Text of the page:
Non-thermal processes

• Cementation — the process of solidifying a liquid, sludge, solid, thermal residue, granular waste form, or calcine in cement matrix of crystalline calcium silicates, aluminates, and ferrate.

• Geopolymerization — the process of solidifying a liquid, sludge, solid, thermal residue, granular waste form, or calcine in an amorphous sodium aluminosilicate matrix.

• Bituminization — the process of solidifying a liquid, sludge, solid, thermal residue, granular waste form, calcine in bitumen.

• Forming — mixing a waste with cementitious, geopolymeric, bituminous, hydroceramic, or Ceramicrete-type additives and mixing in a form, i. e. can, vault, canister, and allowing the material to set or age.

• Pouring — similar to forming but the waste/additive mixture can be poured, extruded, or emptied into a form to set or age.

• Compositing — using metals, glass, cements, geopolymers, etc, to encap­sulate a waste that has already been solidified for special reasons such

RAW conditioning, immobilization and encapsulation 185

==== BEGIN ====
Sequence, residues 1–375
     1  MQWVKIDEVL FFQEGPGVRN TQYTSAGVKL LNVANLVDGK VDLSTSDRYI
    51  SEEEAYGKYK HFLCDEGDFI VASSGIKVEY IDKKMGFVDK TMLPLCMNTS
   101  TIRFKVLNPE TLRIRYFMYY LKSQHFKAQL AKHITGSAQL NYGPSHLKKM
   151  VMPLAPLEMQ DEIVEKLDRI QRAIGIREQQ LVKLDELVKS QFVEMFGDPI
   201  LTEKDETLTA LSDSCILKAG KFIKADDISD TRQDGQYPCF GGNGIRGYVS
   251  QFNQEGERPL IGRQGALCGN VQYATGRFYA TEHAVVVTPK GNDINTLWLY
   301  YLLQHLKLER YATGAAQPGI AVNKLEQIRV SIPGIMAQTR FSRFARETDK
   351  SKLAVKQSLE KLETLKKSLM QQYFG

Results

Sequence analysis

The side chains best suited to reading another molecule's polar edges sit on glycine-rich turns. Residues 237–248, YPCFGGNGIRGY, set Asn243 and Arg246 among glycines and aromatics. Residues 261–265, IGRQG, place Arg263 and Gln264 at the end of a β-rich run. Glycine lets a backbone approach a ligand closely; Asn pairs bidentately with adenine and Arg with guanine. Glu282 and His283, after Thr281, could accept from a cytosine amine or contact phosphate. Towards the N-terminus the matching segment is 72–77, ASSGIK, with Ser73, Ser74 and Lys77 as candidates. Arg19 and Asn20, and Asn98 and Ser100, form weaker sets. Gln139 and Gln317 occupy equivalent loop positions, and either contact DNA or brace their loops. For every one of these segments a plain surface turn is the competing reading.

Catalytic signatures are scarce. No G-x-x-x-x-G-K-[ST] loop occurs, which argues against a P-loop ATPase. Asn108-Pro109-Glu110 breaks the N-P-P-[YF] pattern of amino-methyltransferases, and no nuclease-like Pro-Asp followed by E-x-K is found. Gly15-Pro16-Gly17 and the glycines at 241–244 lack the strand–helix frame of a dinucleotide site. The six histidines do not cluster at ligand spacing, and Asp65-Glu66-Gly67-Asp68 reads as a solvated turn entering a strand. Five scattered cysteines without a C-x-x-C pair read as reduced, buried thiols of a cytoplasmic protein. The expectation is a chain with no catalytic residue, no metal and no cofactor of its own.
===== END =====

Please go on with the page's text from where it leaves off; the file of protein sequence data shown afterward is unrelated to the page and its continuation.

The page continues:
as heat dissipation, control of respirable fines in calcined or granular waste forms, and/or compressive strength requirements.

Often processes are coupled. For example, in France and the UK waste is calcined to remove excess nitrates before vitrification into a final waste form. This allows free-flowing oxides to enter the melter without nitrates being off-gassed or causing the particles to adhere to one another. Organic bearing wastes are often pyrolyzed to remove organics, if needed, before vitrification [14, 15].

Calcining is often performed before HIP, CIP, HUP, or CUP processes are performed, so that volatile species are not given off during the hot pressing or during the subsequent sintering. This ensures that the pressed waste form retains its integrity and form and does not crack during process­ing from off-gassing of hydrated or nitrated species.

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